Age is an issue of mind over matter. If you don't mind, it doesn't matter. ~Mark Twain
Have you met a person recently that was 40something or 50something and you can totally picture what they were like as 8? And have you met people that you feel have been OLD forever - like straight-from-the-womb old? Well, Christopher Noxon has done a bit of theorizing, interviewing and research on this and has rolled it into a wonderful book called Rejuvenile.
Christopher believes that we are regaining our ability to play, to experience and to not be boxed in by life. I say regaining because Christopher also posits, that it's only been the last 100 years that people have increasingly allowed themselves to be pushed into an "adult" form at the expense of all else.
Rejuvenile is a book that explains why we all might want to play kickball at 40 more than we want to sit inside and wax nostalgic about lost youth. Youth, it turns out, is not so much lost as given away. Increasingly, we are becoming more and more unwilling to give that away.
(If you can't see the mind map in your feed, please go to the actual blog post)
As you can see in the concepts, Play is a major portion of Rejuvenile. The roles of play are varied and rather exciting. So let's discuss that first:
Play is what keeps us young. Why? Because play, by its very nature is free of guilt, free of morose obligation, life-affirming, and ... pleasurable. For me, play helps me recharge and, therefore, I try to set up even my professional relationships in a playful manner.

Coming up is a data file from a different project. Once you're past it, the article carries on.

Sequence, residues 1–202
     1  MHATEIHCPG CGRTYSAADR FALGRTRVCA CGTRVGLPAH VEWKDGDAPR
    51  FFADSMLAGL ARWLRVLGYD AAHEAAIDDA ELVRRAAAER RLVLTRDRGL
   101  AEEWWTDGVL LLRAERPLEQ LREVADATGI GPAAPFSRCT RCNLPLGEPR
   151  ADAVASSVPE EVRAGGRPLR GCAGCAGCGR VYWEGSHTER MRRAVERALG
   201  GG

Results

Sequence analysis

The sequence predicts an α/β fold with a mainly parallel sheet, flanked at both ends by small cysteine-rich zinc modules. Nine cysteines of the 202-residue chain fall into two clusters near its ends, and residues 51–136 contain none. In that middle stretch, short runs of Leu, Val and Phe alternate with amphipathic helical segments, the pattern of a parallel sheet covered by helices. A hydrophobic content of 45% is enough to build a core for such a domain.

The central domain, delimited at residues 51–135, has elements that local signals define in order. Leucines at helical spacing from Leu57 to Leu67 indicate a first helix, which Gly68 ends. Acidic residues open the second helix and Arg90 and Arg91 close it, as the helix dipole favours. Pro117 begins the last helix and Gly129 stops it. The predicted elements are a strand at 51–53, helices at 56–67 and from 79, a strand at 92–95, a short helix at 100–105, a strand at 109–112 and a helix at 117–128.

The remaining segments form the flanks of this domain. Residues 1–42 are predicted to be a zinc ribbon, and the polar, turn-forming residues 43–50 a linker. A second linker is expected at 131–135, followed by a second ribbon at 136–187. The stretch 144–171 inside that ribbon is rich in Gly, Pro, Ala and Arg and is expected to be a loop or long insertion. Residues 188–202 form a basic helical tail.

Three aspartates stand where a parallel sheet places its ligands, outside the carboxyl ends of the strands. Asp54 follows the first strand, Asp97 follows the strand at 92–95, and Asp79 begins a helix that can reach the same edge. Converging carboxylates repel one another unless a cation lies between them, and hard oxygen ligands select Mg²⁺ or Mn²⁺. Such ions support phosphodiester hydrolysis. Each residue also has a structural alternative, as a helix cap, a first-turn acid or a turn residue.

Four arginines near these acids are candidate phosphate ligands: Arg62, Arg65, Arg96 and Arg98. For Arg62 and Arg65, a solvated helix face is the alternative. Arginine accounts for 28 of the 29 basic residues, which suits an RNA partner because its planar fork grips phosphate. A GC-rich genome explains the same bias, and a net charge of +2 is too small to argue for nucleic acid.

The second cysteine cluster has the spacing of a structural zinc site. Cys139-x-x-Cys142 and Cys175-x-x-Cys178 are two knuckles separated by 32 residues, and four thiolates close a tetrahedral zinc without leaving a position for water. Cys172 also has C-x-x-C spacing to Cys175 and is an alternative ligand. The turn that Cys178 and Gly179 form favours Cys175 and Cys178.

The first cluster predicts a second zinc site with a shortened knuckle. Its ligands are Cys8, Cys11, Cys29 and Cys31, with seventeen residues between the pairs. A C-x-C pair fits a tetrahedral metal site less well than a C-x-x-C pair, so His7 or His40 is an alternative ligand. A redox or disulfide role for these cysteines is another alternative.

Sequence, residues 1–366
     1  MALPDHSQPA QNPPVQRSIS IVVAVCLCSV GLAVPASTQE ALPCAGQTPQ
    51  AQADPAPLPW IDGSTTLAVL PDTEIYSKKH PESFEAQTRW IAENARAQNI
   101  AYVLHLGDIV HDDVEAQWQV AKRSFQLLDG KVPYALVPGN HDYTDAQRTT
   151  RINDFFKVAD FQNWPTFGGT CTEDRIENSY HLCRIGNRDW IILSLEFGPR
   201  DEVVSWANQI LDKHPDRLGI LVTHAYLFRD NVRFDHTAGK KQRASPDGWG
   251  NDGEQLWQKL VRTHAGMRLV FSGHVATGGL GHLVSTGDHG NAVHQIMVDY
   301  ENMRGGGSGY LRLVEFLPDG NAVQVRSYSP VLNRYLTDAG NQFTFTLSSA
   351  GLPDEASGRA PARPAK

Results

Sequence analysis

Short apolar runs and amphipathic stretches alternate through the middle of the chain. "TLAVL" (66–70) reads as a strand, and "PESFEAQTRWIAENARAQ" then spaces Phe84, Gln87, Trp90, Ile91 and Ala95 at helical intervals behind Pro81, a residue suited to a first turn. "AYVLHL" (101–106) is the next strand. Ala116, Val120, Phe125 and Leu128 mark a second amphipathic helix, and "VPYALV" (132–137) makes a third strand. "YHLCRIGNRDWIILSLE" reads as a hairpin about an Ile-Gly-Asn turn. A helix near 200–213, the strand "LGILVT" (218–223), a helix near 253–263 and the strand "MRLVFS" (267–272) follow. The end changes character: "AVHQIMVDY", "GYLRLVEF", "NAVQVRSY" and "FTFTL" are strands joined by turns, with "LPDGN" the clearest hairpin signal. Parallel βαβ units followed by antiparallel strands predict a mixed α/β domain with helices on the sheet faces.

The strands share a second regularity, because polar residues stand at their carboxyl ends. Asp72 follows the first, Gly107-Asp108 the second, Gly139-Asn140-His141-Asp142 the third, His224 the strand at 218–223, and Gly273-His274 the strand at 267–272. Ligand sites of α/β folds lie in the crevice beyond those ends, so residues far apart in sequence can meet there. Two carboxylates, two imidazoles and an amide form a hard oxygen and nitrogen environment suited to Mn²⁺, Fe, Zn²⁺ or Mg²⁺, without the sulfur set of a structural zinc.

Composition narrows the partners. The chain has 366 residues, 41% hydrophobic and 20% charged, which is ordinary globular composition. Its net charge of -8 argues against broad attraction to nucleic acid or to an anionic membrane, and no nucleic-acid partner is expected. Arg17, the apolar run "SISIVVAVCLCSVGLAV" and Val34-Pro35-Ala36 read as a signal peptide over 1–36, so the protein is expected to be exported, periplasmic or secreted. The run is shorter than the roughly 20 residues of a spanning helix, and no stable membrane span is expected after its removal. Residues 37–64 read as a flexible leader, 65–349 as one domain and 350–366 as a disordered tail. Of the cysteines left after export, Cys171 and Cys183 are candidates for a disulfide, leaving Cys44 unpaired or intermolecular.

One of my business partners, who is a very large multinational firm, insist on the personal relationship first, the professional relationship second. I was talking to one of them and they essentially said, "I understand you are great at what you do, now ... why should we be friends?"
In business they call this "building relationships", which is stodgy business talk for "are you fun to play with?" The questions are less focused on "How efficient is your organization" and more "how much will you make me laugh?"
And Noxon catches your next obvious question... "You mean that being competent no longer matters?" No, it does. We are still adults and part of being adults is understanding the nature of responsibility.
But being a good Rejuvenile Adult is learning that responsibility neither buries nor jails you.
Play is central to this. When you are in jail (when I was a kid it was called "being grounded") you cannot play. Post-industrial age adults were self-jailed in Victorian values that rewarded stoic demeanor and pooh-poohed expressiveness.
Noxon contends, this created a false distance between adults and children which may well have led to the issues we've seen in the last 30 years with the dissolution of the family. Children of stodgy households never knew what growing up with a cohesive family was like. In the service of order, the Victorian era effectively dismantled itself.